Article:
For the youth of today, aspirations for the future are never far from our minds. A popular aspiration is to become successful- but what does this entail? In today’s society, where constant glimpses of celebrities’ lives repeatedly show almost parallel worlds of lavish ostentation, the indications of true success are commonly perceived to include excessive wealth and power. However, not everybody is able to achieve these standards. Indeed, the ideas of wealth and power could hardly exist if they were achieved by everybody due to their comparative nature. Yet the millions of people who do not reach these levels are not and should not be considered “unsuccessful”- indeed they may be better off than those at the top.
Due to our tendency to equate wealth with success, many stumble into the trap of attempting to work themselves to the bone in order to satisfy their goals. Whilst drive is certainly an important attribute, too much can be detrimental. Bronnie Ware, a palliative nurse who counsels the dying in their last days, compiled a list of the most common deathbed regrets. According to her study, the second most common regret was working too hard, with many expressing the wish to have instead spent more time with close family and friends. Out of the top five, there were no references to wishes for more wealth or more power, only desires to have been truer to oneself and to have maintained social interaction. One thought provoking regret was the simple wish to have let oneself be happier.
Moreover, whilst it appears that wealth ceases to become important in life’s final days, it may also be true that only a certain amount is necessary to feel content throughout the majority of a lifetime. Many people idolise the extravagant lifestyles of the few, and daydream about a life spent without difficulty. However, research has suggested that although households with higher incomes were considered “happier” (happiness being difficult to quantify) than those with lower ones, there does exist what is known as the “comfortable standard”. Once this level of wealth has been achieved, earning additional income did not lead to additional levels of happiness.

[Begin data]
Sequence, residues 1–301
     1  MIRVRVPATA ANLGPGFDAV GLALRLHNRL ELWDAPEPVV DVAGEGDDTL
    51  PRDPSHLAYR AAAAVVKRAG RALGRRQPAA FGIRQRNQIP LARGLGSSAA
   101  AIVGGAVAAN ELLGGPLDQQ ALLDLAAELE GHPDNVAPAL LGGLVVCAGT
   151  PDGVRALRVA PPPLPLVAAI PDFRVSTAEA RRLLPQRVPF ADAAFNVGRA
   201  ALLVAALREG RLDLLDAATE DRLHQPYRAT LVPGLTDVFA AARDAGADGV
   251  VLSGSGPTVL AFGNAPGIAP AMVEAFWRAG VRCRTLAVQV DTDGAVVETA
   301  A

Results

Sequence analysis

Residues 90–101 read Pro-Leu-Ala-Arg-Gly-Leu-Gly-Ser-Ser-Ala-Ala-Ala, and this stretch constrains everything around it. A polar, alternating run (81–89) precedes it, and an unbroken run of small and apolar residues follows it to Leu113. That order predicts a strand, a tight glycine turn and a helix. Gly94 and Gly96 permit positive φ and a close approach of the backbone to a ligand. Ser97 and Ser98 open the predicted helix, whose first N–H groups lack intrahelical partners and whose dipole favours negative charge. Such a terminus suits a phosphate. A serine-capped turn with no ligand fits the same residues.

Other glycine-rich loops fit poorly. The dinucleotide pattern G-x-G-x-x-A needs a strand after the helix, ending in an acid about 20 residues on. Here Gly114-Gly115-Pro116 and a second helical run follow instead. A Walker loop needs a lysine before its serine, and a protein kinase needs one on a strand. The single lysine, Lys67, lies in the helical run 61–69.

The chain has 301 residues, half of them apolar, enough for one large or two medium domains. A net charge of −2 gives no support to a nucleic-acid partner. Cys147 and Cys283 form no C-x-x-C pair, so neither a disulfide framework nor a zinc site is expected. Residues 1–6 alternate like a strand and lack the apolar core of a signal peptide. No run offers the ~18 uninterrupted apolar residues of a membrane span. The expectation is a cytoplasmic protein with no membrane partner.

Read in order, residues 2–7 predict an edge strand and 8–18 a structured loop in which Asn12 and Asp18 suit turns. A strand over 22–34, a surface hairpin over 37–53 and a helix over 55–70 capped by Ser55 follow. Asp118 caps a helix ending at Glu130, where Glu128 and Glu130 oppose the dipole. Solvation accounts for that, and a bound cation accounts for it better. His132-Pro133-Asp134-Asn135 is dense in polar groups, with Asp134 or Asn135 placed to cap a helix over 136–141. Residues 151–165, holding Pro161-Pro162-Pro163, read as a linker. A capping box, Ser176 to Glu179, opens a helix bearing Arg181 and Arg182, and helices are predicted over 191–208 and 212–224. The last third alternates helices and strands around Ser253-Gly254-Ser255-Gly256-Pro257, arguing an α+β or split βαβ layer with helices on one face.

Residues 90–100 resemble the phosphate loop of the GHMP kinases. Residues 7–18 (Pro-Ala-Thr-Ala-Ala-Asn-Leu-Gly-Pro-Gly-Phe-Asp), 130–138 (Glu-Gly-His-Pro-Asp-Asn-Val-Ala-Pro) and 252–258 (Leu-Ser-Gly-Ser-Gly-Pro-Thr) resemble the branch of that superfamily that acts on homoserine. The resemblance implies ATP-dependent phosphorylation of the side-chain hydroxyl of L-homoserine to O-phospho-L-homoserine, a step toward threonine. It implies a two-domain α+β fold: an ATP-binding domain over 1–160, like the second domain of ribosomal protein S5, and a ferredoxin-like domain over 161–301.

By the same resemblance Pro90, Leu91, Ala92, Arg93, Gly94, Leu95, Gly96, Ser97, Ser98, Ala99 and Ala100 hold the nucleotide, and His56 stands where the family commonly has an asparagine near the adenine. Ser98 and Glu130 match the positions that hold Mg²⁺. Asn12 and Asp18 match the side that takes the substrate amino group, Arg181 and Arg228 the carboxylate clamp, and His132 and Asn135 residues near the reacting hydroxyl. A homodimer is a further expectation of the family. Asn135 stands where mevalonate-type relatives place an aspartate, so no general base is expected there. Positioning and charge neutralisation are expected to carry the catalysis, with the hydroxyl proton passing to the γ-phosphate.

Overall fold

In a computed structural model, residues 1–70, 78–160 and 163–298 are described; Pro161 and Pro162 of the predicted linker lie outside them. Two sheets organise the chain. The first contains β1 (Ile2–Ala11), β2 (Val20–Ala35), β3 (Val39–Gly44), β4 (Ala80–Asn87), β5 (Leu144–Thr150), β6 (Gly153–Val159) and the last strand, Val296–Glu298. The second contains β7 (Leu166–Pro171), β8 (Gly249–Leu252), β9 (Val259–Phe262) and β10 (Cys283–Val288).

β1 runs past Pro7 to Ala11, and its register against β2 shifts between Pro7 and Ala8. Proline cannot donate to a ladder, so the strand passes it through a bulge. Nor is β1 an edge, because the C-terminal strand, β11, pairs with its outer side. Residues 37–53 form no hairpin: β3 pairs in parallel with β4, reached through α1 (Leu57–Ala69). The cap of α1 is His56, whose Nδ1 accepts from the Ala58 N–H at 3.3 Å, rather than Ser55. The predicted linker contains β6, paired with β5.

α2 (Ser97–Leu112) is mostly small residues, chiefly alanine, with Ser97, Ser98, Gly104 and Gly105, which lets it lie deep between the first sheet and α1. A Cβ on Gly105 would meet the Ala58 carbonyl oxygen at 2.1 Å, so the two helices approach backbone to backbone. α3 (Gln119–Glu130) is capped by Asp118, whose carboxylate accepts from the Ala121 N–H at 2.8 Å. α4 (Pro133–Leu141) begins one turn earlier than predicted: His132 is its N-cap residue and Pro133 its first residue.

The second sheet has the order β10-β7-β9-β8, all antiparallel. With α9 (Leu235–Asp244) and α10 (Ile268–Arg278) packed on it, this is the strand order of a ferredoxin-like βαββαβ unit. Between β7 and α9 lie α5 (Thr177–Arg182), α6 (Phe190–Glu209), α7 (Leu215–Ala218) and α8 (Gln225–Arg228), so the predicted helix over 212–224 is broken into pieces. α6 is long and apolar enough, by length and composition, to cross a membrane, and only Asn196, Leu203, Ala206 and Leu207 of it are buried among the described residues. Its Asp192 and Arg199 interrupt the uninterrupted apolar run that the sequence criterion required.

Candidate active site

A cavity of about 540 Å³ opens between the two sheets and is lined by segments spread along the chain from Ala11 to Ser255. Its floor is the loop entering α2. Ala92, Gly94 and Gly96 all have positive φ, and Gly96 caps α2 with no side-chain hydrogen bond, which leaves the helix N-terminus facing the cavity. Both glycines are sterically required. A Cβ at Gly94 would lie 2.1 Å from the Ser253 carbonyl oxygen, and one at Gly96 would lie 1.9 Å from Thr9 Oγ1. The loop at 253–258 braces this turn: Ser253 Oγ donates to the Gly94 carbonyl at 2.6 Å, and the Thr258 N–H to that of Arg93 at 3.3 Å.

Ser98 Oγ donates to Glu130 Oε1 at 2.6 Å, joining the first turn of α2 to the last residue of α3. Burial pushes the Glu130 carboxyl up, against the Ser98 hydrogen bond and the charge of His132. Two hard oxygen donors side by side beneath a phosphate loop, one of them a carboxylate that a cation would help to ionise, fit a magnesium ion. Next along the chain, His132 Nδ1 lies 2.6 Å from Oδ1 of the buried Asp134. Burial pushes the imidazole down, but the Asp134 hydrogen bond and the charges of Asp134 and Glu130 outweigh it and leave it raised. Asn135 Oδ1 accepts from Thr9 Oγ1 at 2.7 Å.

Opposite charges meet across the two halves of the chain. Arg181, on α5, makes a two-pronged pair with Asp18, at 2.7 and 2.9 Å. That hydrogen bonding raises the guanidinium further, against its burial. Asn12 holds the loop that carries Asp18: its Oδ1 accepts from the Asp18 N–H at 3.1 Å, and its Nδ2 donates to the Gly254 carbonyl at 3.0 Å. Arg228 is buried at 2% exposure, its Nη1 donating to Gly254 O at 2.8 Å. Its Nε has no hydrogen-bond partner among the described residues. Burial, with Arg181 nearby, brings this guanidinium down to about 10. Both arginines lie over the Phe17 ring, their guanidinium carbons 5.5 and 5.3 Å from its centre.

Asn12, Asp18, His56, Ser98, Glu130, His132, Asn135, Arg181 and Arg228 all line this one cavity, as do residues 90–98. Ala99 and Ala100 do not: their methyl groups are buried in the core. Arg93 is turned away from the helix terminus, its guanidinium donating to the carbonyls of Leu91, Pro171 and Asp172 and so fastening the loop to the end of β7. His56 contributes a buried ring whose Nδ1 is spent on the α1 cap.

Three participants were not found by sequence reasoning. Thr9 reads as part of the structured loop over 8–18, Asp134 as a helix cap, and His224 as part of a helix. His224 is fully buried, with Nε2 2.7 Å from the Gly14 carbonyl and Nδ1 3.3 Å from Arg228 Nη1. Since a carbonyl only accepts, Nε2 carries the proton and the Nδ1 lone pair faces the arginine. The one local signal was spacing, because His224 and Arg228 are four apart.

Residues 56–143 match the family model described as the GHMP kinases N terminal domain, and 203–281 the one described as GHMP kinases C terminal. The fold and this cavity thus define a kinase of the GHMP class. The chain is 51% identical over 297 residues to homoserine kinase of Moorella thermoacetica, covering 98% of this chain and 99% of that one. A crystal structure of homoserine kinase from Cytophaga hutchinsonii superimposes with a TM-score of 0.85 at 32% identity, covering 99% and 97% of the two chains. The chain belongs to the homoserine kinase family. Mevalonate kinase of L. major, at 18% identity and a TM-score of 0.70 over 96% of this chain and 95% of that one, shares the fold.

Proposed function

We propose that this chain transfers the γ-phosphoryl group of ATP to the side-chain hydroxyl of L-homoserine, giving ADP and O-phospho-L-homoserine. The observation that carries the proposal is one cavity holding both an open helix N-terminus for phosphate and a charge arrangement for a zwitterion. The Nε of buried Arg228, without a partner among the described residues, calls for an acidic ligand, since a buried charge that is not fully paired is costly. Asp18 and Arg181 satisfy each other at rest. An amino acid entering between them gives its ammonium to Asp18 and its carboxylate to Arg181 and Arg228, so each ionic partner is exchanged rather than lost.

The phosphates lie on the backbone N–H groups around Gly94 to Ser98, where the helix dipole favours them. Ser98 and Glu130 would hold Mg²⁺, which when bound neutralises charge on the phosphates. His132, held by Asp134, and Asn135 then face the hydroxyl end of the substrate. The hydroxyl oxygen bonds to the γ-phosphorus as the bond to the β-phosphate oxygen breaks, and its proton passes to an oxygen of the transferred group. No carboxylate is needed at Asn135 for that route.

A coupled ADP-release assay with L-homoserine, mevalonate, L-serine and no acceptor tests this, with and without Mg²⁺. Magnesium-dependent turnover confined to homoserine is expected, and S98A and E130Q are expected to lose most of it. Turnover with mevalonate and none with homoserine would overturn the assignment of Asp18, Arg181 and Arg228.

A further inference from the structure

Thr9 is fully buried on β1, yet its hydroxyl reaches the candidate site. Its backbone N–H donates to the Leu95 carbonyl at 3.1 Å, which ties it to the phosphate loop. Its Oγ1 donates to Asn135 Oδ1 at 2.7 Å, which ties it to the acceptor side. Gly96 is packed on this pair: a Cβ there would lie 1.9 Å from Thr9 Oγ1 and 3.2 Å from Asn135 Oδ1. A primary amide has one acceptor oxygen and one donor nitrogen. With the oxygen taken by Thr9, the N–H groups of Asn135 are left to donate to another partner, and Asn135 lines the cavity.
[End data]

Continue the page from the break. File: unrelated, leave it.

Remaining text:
In addition to this, there are the challenges that a life spent saturated with every desire presents. Many are familiar with the tale of the sword of Damocles: a wealthy and powerful king offers a man the opportunity to live his luxurious lifestyle, on the condition that a sword is suspended above the man's head by a single horsetail hair. Eventually, the unrelenting danger causes the man to beg to be released. Although a classical tale, the truth of it still remains poignant today- that great power often dangles on the edge of a great downfall. Indeed, many classical authors seemed to agree with the sentiment: Euripides wrote in his play Medea: “Excess brings no benefit to us, only greater disasters on a house, when God is angry”.
The purpose of this article is not to promote an idle lifestyle with no aspirations: dreams filled with glory and riches can offer a healthy drive and give purpose to life. However, although our society seems quite adept at recognising the virtues of a life filled with extravagance and exception, we often seem to forget the values an ordinary life can offer, and to neglect these simple things may be to neglect our chances of true happiness.